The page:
I love your blog - the way you write and what you write about :-) I was wondering if you would be willing to share what you decided about foam insulation? We need to add some insulation to our little house and are just starting the research process. We live in London Ontario so perhaps would have similar choices to what you had available in Toronto. Thanks for any info!

Mary Keenan said...

I think I must secretly like it too Su... you know what, it's probably that I have to LOOK when I'm running in ends. I'll have to make up my mind that running in ends is audiobook time, not costume drama watching time :^)

Mary Keenan said...

Elle, thank you so much - that's really kind!

We definitely have the same resources available to us so please feel free to e-mail me at the address on the sidebar if you want to go majorly in depth about insulation of any kind... it would be good not to let the insane amount of research I did go to waste, heh. We did decide to go ahead with spray foam but I reeeaaaally am not happy so we will be exercising a lot of caution when we choose the type of foam (there are many options) and who will install it.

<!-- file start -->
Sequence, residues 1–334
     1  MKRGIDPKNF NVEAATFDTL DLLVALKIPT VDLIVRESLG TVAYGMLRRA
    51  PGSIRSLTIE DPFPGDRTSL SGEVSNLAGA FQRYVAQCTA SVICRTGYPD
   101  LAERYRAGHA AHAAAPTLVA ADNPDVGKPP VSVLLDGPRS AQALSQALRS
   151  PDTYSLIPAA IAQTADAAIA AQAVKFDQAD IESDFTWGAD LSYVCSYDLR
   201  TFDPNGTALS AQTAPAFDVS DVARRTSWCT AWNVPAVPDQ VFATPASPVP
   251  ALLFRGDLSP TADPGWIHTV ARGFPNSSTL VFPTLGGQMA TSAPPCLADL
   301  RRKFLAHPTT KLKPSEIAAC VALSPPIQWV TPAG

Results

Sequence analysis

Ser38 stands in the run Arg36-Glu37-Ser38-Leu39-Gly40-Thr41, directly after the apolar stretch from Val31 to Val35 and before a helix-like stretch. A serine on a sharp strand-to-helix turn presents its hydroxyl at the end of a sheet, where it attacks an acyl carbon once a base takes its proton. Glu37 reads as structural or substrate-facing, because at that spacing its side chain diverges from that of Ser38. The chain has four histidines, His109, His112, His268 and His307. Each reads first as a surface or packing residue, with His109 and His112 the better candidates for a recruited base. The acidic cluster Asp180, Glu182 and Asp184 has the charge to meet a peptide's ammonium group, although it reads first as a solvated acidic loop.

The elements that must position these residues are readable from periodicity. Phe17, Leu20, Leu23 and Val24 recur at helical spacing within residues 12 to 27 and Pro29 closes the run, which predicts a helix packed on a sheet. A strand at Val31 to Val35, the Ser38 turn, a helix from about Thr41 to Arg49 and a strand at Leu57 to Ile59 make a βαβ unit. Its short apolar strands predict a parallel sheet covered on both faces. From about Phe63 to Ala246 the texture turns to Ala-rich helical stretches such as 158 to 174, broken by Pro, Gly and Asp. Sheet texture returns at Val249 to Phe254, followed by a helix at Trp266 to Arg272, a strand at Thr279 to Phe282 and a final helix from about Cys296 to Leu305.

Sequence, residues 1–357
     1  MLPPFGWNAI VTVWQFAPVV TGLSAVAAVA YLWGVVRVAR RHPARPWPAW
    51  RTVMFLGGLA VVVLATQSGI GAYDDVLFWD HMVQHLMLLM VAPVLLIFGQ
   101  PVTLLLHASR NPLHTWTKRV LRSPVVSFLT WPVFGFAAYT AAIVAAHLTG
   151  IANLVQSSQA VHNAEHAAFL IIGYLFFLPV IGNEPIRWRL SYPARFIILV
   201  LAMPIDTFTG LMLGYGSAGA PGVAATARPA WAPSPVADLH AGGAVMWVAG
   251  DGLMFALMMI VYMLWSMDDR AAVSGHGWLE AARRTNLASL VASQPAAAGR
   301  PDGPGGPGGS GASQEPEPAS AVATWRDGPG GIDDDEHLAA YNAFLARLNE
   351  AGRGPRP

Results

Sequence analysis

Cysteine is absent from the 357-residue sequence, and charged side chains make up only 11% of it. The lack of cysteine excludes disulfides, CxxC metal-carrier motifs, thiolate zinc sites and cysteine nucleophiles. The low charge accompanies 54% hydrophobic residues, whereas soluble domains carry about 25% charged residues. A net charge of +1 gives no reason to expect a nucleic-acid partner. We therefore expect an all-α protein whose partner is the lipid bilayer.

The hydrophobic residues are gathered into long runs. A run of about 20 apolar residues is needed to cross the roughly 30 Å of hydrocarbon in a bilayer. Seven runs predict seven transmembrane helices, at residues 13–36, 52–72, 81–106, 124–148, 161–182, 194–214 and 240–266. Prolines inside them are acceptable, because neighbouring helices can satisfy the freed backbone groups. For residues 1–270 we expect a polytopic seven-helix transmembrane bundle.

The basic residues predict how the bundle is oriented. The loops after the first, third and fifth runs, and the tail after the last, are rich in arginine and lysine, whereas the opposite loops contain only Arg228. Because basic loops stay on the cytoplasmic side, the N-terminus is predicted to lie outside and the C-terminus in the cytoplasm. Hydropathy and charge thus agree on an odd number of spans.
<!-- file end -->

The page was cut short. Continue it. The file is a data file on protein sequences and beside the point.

The first question is, are you prepared to remove all your drywall to do it? Because there are firms apparently who will tell you they can just drill in a few holes and spray through them - but that solution leaves a lot of gaps and the general consensus I've found from homeowners and professionals in the field is that it ends up being a waste of money. I would also question how much you'd have to bag and cover in the house if you were doing that - this stuff is not safe until it's cured completely, and it's quite messy! You have to be out of the house while they do it (some installers won't even tell you that much) but 24 hours out is best, and some say 72 is safer.

Basically, the only reason we are willing to do spray foam is because the entire house is wide open and nobody is living in there... our crew will get a break from work while it cures.